Enya doesn't play the game. She is notoriously media-shy, thus she doesn't fill the column inches. She will never be pictured alighting from a car with her nethers exposed, she is unlikely to be involved in a kiss-and-tell, or any other gambits many of her contemporaries use to sell albums. She doesn't need to. And she doesn't need music critics. And they hate that.

- Yvonne Hogan

The Critic: She has a terror of being anything other than absolutely safe

In a way, it's too easy to criticise Enya. Shooting fish in barrels, and all that. Still, needs must. After all, few have inflicted such wearisome tosh on us in the name of art for so long. And few have striven for profundity in their music and come up so short.

Let's be blunt for a moment: There's a frigidity to the music made by Eithne Ni Bhraonain, a terror of being anything other than absolutely safe. Not once in her career has this woman taken risks. Instead, with her shadowy, media-shy songwriting, production and management partners Nicky Ryan and Roma Ryan - without whom the Enya brand simply wouldn't exist - she delivers a bullshit synthesis of New Age 'whale music' and Celtic mythology. Celtic codology more like.

Enya is music's answer to Graham Knuttel. Like the Dublin painter, she's content to deliver the same bland nonsense over and over again. It's art's answer to Groundhog Day - and proof that there will always be idiots who can easily be separated from their money.

The modus operandi in studio has remained the same for more than 20 years. Keyboards and multilayered vocals create the characteristic Enya sound and rarely if ever are outside collaborators brought in. Incredibly, it can take the trio up to five years to deliver a new album, despite the fact that Enya never tours and doesn't usually engage in such pesky stuff as promo, which is expected of all big-selling artists.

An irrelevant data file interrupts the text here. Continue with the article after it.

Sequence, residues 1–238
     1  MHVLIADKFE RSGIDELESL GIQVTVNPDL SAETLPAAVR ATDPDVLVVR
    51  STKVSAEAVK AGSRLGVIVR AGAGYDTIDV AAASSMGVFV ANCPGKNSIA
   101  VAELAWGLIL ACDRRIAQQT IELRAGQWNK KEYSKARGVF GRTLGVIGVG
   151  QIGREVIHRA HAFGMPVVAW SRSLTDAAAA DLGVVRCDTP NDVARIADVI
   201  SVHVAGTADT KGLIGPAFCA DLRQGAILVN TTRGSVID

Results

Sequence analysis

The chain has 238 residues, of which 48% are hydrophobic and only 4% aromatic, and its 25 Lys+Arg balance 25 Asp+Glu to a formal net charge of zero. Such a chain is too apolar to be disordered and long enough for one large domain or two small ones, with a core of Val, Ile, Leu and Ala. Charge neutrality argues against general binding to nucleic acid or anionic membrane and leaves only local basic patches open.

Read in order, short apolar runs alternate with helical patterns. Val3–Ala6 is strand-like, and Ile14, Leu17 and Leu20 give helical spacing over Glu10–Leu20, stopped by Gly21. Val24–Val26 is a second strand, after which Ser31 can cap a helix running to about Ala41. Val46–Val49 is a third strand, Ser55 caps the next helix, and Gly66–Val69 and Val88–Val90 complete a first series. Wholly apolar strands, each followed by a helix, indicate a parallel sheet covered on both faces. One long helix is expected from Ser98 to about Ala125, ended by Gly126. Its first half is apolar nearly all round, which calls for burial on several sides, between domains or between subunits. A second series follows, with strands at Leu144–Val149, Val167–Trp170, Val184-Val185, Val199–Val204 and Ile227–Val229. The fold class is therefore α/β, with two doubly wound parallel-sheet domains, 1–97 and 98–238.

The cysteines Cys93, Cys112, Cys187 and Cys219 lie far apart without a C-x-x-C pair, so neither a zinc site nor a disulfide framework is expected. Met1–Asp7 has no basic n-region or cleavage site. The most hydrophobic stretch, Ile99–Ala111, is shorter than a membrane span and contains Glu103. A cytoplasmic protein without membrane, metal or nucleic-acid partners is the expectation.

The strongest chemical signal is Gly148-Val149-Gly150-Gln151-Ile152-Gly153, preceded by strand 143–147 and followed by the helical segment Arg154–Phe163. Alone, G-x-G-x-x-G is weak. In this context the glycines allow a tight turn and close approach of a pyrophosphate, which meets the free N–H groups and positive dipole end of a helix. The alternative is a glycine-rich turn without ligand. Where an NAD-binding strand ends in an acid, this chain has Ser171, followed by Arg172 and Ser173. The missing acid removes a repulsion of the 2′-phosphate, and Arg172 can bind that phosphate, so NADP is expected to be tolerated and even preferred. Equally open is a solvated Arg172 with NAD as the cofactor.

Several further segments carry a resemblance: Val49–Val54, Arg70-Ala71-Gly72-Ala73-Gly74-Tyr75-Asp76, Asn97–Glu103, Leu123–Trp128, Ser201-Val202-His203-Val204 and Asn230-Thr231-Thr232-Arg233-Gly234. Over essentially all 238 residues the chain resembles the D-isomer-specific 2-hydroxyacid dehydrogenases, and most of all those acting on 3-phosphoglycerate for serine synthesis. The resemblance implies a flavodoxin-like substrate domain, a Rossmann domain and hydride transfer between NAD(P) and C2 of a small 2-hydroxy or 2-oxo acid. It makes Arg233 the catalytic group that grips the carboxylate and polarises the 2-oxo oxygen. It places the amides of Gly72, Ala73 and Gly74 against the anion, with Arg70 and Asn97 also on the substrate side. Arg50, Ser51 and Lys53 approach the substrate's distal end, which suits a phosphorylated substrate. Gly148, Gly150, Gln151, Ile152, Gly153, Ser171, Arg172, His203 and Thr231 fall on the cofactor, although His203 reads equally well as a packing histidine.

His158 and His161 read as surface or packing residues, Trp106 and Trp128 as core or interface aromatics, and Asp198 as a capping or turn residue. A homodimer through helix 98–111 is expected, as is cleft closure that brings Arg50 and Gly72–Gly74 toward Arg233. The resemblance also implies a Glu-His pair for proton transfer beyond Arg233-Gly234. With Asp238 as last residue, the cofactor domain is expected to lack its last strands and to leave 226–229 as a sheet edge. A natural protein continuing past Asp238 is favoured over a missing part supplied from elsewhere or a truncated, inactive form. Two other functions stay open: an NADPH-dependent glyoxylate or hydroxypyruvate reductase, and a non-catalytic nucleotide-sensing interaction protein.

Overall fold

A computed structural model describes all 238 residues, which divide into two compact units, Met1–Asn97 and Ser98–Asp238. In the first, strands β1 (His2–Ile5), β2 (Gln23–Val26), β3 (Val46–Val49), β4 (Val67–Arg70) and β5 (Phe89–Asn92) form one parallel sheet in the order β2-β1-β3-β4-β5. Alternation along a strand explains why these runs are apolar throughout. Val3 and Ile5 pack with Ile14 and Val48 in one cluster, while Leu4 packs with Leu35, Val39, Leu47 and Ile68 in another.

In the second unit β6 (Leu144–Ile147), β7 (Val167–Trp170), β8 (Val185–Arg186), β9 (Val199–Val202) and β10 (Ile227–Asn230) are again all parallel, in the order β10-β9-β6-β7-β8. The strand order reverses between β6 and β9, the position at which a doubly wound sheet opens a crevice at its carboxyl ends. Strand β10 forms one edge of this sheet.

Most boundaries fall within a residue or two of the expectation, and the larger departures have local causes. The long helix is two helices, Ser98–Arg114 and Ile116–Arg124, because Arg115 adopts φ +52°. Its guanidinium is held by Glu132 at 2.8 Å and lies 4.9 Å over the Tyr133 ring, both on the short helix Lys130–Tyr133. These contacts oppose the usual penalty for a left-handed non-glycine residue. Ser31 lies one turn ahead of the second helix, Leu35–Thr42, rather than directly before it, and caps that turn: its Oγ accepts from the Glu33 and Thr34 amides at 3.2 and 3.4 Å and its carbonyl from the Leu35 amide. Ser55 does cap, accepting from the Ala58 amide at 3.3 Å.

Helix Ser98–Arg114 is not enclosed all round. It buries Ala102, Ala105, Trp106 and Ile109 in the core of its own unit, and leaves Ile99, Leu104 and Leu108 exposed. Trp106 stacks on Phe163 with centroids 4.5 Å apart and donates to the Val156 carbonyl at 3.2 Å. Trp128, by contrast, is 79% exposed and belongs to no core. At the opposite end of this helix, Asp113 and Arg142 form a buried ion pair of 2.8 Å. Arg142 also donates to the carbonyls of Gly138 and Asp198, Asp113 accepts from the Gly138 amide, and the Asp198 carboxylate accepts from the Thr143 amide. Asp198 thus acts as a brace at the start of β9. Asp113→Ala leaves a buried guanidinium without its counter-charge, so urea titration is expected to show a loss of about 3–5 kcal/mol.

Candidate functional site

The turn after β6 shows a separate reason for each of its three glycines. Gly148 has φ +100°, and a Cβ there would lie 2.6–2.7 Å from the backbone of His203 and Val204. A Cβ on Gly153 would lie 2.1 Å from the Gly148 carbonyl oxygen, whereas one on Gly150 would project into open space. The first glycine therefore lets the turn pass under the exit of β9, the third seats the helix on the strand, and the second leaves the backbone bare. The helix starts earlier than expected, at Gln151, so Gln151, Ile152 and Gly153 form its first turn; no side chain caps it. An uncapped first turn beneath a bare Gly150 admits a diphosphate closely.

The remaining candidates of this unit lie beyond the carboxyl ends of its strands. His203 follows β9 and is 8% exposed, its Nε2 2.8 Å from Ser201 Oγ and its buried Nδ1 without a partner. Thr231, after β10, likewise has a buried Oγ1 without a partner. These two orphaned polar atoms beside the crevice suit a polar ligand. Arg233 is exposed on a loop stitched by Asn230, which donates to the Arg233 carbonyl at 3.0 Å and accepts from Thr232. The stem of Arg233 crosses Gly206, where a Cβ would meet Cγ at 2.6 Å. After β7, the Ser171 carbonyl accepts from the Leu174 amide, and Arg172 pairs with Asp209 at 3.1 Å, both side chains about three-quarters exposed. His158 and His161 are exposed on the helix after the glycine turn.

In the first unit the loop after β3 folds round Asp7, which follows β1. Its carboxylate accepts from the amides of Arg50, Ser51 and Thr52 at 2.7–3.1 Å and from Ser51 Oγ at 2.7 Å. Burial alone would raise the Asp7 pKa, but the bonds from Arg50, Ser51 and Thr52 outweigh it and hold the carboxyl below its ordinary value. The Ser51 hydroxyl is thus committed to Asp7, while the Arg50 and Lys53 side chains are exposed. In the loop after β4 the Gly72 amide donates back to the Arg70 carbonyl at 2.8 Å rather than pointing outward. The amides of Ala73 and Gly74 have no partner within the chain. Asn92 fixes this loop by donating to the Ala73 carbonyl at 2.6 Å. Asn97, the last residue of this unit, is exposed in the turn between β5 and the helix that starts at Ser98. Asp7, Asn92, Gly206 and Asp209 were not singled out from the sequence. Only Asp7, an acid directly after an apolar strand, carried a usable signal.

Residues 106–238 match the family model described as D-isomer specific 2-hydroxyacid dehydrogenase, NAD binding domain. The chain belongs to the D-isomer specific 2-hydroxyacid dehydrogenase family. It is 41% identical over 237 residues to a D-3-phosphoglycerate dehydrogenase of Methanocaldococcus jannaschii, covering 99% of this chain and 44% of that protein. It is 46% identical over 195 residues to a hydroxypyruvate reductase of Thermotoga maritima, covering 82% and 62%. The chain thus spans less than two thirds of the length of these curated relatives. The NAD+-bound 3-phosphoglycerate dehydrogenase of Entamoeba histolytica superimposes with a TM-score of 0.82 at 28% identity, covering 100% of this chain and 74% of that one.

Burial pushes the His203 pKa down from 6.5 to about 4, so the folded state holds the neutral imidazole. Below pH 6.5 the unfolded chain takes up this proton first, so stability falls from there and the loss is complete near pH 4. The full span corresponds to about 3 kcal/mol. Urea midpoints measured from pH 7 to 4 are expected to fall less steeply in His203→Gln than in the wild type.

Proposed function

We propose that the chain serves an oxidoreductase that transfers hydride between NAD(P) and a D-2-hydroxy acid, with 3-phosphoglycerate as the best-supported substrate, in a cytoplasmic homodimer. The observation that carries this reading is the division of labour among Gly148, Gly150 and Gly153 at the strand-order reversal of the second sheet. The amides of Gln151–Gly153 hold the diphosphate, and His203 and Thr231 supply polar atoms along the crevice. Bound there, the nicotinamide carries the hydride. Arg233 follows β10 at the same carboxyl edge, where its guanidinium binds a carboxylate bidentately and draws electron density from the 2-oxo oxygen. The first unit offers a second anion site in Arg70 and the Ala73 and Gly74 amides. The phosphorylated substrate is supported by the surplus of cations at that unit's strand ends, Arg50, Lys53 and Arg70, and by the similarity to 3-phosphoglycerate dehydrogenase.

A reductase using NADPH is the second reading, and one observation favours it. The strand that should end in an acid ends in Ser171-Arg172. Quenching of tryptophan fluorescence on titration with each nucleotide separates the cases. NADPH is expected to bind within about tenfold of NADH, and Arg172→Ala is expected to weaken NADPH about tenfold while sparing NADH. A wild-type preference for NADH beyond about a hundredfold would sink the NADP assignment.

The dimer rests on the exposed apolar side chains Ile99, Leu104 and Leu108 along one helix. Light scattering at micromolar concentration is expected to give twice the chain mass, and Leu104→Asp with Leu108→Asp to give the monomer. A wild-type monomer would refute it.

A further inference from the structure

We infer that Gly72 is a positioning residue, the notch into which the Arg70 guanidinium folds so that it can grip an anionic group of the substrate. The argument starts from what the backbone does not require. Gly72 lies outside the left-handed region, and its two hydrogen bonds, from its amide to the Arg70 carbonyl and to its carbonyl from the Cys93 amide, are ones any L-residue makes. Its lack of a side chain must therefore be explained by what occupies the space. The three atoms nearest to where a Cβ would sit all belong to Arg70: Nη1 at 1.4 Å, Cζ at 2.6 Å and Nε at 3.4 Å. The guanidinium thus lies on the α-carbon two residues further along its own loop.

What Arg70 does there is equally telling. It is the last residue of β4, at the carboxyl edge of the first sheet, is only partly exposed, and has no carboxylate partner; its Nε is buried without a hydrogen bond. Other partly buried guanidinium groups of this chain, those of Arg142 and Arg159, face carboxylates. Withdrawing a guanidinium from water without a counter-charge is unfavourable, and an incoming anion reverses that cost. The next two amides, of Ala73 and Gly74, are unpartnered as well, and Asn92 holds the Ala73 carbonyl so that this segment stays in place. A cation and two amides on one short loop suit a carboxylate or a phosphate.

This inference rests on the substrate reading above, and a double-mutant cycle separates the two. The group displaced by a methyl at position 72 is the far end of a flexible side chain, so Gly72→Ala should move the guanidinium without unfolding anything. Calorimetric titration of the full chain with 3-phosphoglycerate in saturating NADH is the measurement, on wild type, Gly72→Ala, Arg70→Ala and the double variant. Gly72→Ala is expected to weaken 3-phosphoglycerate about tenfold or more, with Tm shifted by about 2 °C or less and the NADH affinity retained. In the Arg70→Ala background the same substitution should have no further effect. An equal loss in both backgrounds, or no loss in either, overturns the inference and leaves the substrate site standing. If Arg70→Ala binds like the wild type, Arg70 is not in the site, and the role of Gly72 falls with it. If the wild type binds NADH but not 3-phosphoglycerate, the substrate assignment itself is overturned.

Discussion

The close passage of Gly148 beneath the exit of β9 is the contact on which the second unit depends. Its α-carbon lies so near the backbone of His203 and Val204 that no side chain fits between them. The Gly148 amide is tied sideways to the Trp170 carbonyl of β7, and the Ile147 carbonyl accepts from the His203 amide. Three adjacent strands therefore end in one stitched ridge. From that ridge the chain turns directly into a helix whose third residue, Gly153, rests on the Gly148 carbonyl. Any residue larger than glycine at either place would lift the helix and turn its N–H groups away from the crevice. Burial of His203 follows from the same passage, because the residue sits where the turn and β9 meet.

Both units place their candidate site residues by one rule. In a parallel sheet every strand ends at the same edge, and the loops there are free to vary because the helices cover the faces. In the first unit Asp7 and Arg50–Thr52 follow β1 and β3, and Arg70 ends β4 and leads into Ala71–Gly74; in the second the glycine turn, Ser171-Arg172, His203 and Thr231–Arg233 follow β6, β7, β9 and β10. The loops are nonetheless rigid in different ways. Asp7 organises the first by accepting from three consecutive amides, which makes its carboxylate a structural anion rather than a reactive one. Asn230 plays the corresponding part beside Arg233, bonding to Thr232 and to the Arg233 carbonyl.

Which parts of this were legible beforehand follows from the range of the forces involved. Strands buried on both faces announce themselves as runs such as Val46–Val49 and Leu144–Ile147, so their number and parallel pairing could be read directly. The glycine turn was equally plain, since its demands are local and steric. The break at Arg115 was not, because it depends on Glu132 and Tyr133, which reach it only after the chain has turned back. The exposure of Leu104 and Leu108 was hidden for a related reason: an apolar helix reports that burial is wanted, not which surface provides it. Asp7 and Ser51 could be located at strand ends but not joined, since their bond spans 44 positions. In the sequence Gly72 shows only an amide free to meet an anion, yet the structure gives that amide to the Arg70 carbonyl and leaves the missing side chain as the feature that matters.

Her most recent album, Amarantine, released in November 2005 and winner of the Best New Age album at Sunday's Grammy awards, marks virtually no progression musically since her 1988 breakthrough, Watermark.

One thing that's notable about Amarantine is that English - and Irish, for that matter - no longer provide quite enough words for Enya to communicate. As a result, Roma Ryan has invented a new tongue, dubbed Loxian, which she calls "a futuristic language from a distant planet".

This gibberish is supposed to make Enya seem mysterious, and presumably some of the many millions who bought the album reckon it is. Here's Enya on the subject: "Loxians are beings who live on another planet and are looking out wondering, 'Are we the only ones who exist?'" Er, okay. Let's digest that for a while.

One of the songs is sung in Japanese, which at least shows that Enya spends some time on this planet. It also shows that she might be a more canny operator than some give her credit for: she's always enjoyed massive popularity in the Land of the Rising Sun.

This week, in the name of research, I listened to Amarantine four times. It was a distressing experience. There is a creepy, trance-like quality to many of the compositions, a sort of Lord Of The Rings-meets-Clannad soundscape. Great swathes of the music are about as memorable as the stuff piped into elevators.

One of the most damning criticisms I've come across was from a spa manager who insisted that Enya no longer be used as background music while people were having body treatments. Apparently, an unusually large number of clients - and therapists - said they felt "on edge" when forced to listen to choice cuts from her back catalogue.

That the spa's customers were infinitely happier with pan-pipes - one of mankind's most hideous inventions - reveals the sheer awfulness of Enya.

It's telling that she enjoyed a new lease of life after 9/11. CNN thought there was no better way to soundtrack the horrors of the terrorist attacks on its news bulletins than to use her unwittingly sinister composition Only Time.

My skin is crawling just thinking of it.

- John Meagher Irish Independent Rock critic